Mini-Encyclopedia of Papermaking Wet-End Chemistry
Part Two: Definitions and Concepts

Water Retention Value

The water retention value (WRV) test provides an indication of fibers' ability to take up water and swell. The WRV is also highly correlated to the bonding ability of kraft fibers. The test is carried out by placing a pad of moist fibers in a centrifuge tube that has a fritted glass filter at its base. The centrifuge is accelerated at 900g to remove water from the outside surfaces and lumens of the fiber (a higher force is used according to some European standards). The remaining water is believed to be associated with submicroscopic pores within the cell wall. The centrifuged fiber pad is weighed, dried at 105 degrees Centigrade, and then reweighed. The WRV value equals the ratio of the water mass to the dry mass. The WRV value of a papermaking furnish tends to increase with increasing refining and increasing pH. The WRV value tends to decrease when kraft fibers are dried and reslurried.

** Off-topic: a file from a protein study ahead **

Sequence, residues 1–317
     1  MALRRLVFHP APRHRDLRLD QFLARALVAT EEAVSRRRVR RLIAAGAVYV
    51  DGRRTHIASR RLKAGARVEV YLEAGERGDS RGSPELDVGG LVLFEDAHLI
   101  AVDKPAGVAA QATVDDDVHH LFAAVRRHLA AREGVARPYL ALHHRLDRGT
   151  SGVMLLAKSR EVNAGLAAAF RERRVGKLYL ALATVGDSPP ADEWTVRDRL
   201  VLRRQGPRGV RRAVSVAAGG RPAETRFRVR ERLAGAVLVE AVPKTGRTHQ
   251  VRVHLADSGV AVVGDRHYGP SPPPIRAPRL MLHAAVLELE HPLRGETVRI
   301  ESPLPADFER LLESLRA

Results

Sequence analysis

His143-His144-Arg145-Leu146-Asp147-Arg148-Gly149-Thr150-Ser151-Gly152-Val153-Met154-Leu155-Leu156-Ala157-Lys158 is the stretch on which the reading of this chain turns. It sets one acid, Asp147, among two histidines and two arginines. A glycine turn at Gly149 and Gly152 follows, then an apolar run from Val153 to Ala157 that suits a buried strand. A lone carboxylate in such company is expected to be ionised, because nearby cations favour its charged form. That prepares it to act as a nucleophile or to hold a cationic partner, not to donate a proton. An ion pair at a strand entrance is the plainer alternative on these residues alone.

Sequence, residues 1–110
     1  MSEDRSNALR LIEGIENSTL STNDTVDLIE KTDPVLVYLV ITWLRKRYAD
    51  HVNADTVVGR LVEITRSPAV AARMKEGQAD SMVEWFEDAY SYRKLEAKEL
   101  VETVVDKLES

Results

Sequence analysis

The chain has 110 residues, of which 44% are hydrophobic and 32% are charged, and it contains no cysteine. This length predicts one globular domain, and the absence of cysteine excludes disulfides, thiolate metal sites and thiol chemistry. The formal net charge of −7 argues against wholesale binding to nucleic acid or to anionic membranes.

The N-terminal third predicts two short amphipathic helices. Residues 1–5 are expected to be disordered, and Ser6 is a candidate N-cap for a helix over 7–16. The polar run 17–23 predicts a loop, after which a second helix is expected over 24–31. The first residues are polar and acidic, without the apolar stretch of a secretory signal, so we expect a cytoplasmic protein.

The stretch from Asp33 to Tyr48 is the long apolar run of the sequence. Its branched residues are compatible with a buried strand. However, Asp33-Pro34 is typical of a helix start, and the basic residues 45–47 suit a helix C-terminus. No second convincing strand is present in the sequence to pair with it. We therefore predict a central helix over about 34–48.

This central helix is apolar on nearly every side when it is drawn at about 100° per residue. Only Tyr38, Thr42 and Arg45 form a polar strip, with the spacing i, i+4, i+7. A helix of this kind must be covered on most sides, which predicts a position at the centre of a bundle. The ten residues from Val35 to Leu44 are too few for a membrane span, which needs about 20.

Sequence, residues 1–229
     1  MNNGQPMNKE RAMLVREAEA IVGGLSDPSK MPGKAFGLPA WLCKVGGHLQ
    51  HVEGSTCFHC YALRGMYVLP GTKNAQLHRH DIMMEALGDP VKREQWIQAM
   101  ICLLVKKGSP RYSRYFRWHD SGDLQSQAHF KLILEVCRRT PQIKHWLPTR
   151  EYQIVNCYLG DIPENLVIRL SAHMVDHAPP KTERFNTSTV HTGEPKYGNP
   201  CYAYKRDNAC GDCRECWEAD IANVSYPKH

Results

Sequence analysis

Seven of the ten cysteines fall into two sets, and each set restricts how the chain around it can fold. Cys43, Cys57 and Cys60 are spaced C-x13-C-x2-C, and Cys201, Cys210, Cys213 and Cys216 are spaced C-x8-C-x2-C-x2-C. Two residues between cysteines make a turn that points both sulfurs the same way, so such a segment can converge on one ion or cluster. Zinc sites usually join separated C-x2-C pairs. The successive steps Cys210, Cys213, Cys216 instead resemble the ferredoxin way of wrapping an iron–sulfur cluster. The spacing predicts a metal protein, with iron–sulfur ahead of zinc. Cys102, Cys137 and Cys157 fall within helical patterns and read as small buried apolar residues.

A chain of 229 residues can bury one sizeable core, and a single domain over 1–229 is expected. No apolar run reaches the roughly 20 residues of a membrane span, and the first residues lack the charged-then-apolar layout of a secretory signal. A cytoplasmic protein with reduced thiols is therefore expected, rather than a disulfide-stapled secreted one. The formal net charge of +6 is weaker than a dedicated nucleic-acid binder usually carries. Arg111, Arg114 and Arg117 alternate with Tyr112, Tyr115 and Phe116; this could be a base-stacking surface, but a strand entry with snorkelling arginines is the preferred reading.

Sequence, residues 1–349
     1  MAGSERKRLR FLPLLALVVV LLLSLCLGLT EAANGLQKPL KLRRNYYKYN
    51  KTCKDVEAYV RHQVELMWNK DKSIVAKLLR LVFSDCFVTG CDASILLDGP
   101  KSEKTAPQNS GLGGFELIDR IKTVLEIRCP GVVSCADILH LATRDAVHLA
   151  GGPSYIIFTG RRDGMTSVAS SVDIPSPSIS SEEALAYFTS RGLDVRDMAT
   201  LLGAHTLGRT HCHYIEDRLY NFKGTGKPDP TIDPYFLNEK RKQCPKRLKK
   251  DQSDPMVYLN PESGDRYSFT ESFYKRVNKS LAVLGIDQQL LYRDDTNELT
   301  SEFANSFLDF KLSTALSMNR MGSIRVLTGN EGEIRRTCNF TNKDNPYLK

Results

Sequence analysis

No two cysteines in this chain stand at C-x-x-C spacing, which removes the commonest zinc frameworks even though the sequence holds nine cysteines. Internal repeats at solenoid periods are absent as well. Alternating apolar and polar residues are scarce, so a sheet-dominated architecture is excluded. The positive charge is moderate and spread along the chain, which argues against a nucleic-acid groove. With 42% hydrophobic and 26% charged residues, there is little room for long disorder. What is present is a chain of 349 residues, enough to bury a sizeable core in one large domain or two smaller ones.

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This page is maintained by Martin hubbe, Associate Professor of Wood and Paper Science, NC State University, m_hubbe@ncsu.edu .